Remember When for the week of 10/18/16

100 years ago

Lassen County residents were taken by surprise when a rare early-October snowstorm dumped nearly 2 feet of snow. Many people were left stranded in rural sections of the county and travel between towns was impossible for several days.

70 years ago

The board of supervisors approved an ordinance to prohibit dumping trash along public highways and city streets. The ruling followed a rash of mass dumping along Main Street in Susanville. Wind, animals and children were scattering about the debris.

65 years ago

An 11-year-old San Francisco, California boy was shot and killed while hunting from a tree five miles west of Chester near Stover Mountain. Local residents were saddened to hear that Melvin Serio was shot in the chest from approximately 22 yards away while hiding from a deer. Serio was immediately taken to Westwood Hospital and underwent surgery performed by Dr. Greenman. Serio died several days later. The assailant was not found.

25 years ago

Lassen County officials discussed the formal dissolution of Lassen County if the state was not going to meet its financial obligation for services. The next step would have been to petition Congress to detach Lassen County from California and join Nevada.

15 years ago

Test scores for the state-mandated Academic Performance Index improved for nearly every school in Lassen County, according to figures recently released by the state. Richmond Elementary School became the first school in Lassen County to crack the 800 target score set by the state.

10 years ago

Lassen County “failed to conduct a legitimate competitive bid process,” when it gave Sierra Medical Services Alliance exclusive rights to provide ambulance services in most of Lassen County, according to a claim for damages from South Lassen EMS.

The claim filed Sept. 8, which the board rejected without comment at its Tuesday, Oct. 12 meeting, named former County Administrative Officer Bill Bixby, Officer of Emergency Services Chief Chip Jackson and potentially others as the county employees who caused the injury.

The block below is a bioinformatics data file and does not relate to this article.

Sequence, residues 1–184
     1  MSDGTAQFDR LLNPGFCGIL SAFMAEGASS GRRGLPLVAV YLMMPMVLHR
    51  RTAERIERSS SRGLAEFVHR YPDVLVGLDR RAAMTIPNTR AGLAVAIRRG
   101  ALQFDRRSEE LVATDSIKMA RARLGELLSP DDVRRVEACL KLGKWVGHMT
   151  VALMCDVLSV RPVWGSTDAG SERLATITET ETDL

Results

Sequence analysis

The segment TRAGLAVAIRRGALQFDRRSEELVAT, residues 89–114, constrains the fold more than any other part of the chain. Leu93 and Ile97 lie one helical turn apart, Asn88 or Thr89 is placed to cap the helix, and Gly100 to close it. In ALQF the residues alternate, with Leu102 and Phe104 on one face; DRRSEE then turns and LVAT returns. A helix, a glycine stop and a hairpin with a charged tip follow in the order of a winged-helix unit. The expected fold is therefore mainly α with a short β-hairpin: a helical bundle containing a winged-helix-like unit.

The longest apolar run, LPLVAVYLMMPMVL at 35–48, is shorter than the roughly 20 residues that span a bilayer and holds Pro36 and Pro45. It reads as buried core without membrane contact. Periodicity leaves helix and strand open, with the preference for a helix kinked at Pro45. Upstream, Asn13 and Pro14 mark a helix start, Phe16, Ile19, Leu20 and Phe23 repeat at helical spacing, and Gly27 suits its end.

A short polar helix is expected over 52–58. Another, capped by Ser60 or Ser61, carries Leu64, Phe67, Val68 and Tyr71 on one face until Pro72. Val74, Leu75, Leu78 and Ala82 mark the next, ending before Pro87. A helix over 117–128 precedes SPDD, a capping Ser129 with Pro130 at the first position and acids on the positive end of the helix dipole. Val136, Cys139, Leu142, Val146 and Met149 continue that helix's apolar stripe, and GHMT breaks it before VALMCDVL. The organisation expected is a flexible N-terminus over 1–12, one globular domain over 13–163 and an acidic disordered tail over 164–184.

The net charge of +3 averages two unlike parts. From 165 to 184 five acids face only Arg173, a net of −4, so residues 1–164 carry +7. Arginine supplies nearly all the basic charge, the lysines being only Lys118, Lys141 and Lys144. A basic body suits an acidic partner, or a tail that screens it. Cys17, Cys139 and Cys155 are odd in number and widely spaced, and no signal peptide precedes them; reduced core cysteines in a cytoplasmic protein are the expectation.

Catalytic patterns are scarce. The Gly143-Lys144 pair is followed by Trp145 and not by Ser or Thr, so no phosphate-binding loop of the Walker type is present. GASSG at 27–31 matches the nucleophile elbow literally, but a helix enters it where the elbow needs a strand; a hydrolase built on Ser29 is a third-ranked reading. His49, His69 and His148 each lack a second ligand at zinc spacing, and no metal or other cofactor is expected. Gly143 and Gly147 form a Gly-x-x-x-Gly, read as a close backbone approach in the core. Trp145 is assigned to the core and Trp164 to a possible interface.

It described the property damaged as South Lassen’s “right to operate ambulance services in Lassen County — a ‘taking’ of property under the Constitution,” and said the exact amount of damages is unknown but exceeds $25,000.

Last year

Opportunity, that’s what residents of Westwood were given when a vintage passenger train pulled into town, and many did not let this opportunity slip away.

The Westwood Chamber board of directors organized a fall market on the grounds of the visitor center, which is located next to the railroad tracks, to welcome the 190 passengers on board. It included vendors selling handmade items, food booths, music by Doug and Meg Sheehy and the showing of a short DVD on historic Westwood. The board worked with Trains and Travel International so all passengers would have a chance to walk the streets of Westwood whether sleeping on the train that night or riding a bus to nearby lodging. As a result people had time to tour the Walker Mansion Inn next to the visitor center, visit the Westwood Museum and also dine at the downtown restaurants.